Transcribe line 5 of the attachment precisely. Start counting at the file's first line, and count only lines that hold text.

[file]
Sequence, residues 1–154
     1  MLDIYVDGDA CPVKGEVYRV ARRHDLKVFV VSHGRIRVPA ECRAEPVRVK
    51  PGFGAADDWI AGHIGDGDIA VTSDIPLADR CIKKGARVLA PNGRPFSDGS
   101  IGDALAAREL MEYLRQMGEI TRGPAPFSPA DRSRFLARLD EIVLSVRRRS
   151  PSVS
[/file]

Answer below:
   151  PSVS